These changes went hand in hand with the rise of the modern healthcare system, which for all of its flaws, was a much-needed departure from the privatized and often exclusionary system that had existed before the 1950s.

Changes in Mental Hospitals Since the 19th Century

Today, there is no such thing as an asylum system in Europe or the United States. There are inpatient care facilities that can be accessed during periods when patients need round-the-clock care to be stabilized, but these are not homes for the “insane” or places where inconvenient family members can be dropped off and forgotten about.

Significant advances in mental health care have been made in the last fifty years, and there will doubtless be continued improvements in the care that can be offered to those suffering from mental health concerns.

The asylum period is a study of opposites. During some periods that the system was in place, real advances were made in the treatment of many mental health conditions, and there were efforts to humanize and understand the mentally ill. However, blatant abuse and disregard went hand-in-hand with the system and caused lasting damage to social groups and the healthcare field as a whole.

It Is important to look back on the history of the mental asylum as a warning about how easy it can be to compartmentalize that which we do not understand and shy away from things that are uncomfortable, to the detriment of large portions of the population who struggle with treatable illnesses, but who need the extra care and patience.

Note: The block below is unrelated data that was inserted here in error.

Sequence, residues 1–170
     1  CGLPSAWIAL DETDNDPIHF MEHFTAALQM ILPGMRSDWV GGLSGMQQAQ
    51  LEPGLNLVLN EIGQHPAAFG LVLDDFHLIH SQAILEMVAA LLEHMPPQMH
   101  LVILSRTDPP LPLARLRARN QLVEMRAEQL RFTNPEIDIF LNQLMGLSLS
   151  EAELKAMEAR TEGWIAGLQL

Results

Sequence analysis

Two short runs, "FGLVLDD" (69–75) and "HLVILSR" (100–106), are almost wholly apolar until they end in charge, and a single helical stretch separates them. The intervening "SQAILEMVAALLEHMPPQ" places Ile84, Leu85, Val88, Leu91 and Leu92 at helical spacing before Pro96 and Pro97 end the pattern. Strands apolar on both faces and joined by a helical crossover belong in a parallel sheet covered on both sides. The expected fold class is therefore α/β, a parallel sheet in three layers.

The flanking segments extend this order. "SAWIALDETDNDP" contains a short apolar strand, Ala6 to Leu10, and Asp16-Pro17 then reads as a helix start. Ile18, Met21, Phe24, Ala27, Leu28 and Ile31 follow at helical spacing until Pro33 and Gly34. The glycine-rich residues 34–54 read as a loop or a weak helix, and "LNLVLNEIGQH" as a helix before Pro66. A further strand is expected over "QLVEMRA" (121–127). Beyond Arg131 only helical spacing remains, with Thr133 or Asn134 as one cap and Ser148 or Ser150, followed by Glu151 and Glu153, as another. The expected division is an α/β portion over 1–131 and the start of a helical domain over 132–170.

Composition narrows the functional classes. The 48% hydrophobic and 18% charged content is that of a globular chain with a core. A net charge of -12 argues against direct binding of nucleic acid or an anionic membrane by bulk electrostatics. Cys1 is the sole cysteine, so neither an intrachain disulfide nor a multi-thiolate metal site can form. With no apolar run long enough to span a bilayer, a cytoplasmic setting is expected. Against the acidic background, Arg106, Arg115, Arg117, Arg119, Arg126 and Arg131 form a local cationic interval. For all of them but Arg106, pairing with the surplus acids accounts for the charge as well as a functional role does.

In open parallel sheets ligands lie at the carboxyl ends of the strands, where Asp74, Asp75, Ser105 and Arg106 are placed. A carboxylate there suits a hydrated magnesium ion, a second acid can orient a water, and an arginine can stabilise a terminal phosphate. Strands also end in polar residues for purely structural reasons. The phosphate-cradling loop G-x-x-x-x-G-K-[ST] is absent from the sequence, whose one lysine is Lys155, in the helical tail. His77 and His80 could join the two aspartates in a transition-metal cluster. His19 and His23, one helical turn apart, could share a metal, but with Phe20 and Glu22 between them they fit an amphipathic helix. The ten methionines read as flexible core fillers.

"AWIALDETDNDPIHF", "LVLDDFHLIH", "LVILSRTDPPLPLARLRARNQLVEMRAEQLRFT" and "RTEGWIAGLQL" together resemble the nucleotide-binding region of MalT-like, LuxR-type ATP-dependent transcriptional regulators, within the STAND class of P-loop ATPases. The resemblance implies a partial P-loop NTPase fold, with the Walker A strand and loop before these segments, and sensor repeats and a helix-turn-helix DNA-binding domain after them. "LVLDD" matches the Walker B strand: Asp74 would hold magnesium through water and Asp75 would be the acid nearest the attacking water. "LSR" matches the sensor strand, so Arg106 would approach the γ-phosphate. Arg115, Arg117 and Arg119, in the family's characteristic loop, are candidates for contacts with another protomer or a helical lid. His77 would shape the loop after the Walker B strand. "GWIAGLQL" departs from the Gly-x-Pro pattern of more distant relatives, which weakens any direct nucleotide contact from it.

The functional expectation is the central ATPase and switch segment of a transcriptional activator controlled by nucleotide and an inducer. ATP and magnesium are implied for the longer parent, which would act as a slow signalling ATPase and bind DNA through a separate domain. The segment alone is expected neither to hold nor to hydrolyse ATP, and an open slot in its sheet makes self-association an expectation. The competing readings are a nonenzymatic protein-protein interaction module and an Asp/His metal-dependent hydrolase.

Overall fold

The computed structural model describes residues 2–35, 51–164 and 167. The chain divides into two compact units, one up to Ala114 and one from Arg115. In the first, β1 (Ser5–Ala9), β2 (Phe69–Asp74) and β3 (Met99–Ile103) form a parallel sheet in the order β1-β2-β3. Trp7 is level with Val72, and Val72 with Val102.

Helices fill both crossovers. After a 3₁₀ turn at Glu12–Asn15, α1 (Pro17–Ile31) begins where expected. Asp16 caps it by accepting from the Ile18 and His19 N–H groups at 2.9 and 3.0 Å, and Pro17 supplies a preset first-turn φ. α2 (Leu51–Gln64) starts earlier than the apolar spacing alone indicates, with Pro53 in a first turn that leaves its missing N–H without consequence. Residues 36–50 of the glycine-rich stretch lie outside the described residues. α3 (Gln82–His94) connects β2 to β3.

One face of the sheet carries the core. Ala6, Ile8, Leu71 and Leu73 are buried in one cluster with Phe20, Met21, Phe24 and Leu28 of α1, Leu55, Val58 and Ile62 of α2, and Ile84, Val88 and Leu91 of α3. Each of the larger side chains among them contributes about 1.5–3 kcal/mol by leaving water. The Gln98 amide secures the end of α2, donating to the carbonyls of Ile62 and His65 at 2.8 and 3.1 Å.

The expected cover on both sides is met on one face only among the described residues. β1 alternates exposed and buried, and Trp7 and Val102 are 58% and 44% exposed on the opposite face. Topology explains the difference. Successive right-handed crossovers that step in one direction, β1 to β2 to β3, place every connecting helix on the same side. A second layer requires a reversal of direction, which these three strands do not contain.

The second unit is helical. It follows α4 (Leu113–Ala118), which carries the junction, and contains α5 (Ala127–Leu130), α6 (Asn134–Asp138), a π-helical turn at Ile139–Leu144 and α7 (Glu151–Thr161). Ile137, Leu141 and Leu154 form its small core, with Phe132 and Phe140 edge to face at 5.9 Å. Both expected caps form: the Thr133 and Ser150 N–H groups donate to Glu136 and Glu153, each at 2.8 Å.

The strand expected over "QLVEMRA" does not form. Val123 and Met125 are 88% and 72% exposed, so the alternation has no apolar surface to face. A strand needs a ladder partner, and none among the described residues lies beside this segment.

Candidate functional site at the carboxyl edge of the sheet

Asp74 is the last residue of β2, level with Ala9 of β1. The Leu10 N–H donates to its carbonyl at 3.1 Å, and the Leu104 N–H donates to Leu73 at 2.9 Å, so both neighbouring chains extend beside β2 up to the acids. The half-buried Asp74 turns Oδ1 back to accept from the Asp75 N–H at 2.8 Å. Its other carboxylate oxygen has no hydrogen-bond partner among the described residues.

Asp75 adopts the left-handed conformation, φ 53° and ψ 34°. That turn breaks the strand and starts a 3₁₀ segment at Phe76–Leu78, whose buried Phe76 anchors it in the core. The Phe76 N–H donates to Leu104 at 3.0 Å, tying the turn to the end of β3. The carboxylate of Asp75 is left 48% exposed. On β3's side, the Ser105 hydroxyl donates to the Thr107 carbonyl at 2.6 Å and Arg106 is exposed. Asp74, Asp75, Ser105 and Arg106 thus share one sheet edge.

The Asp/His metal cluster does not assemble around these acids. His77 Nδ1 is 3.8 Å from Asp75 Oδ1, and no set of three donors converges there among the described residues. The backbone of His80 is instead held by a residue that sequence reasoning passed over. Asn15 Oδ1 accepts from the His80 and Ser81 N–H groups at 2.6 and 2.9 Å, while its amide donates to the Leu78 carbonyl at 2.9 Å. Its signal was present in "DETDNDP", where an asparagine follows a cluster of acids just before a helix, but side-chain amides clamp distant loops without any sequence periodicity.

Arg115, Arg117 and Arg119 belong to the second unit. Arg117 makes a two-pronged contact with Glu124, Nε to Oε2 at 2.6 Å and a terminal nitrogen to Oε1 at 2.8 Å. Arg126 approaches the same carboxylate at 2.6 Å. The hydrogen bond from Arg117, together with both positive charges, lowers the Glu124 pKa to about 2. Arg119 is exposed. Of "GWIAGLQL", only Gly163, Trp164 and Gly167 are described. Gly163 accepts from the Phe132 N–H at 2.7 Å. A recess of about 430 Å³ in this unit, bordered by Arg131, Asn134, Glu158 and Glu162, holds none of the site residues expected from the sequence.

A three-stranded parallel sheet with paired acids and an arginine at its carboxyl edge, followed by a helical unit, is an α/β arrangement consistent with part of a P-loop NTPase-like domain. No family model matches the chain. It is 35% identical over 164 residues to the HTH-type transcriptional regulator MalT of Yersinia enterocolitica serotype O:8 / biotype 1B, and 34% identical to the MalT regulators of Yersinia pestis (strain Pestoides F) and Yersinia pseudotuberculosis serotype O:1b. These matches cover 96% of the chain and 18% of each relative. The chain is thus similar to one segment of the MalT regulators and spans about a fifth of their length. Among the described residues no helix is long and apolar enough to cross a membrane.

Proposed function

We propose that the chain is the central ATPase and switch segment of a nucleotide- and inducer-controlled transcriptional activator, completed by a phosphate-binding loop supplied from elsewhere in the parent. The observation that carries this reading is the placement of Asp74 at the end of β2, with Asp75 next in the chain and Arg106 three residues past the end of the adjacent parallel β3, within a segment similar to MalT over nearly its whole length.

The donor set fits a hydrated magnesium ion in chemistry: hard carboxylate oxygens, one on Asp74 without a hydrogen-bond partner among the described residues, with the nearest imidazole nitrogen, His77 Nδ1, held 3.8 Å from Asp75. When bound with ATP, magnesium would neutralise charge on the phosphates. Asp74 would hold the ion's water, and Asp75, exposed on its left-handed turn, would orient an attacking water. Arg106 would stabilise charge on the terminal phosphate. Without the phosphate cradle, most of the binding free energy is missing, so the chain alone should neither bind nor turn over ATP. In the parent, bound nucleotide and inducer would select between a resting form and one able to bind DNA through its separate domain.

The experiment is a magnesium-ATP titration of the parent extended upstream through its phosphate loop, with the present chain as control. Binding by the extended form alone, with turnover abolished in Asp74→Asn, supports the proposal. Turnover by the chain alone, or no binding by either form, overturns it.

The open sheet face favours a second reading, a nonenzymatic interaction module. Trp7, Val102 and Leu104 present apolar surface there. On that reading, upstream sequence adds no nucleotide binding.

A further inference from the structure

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Study.com. “Insane Asylums in the 1800s: History and Outlook.” https://study.com/learn/lesson/asylums-1800s-history-outlook.html. Accessed 24 Feb. 2023.

D’Antonio, Patricia. “History of Psychiatric Hospitals.” PennNursing, https://www.nursing.upenn.edu/nhhc/nurses-institutions-caring/history-of-psychiatric-hospitals/. Accessed 24 Feb. 2023.

Bazar, PhD, Jennifer L., and Jeremy T. Burnam, MA. “Asylum Tourism.” American Psychological Association, 1 Feb. 2014, https://www.apa.org/monitor/2014/02/asylum-tourism. Accessed 24 Feb. 2023.

Pouba, Katherine, and Ashley Tianen. “Lunacy in the 19th Century: Women’s Admission to Asylums in United States.” Wisconson.edu, 1 Apr. 2006, https://minds.wisconsin.edu/bitstream/handle/1793/6687/Lunacy+in+the+19th+Century.pdf;jsessionid=F23265A792DB87413440E2734349C94D?sequence=1. Accessed 24 Feb. 2023.

JFK Presidential Library and Museum. “Rosemary Kennedy.” JFK Presidential Library and Museum, https://www.jfklibrary.org/learn/about-jfk/the-kennedy-family/rosemary-kennedy. Accessed 24 Feb. 2023.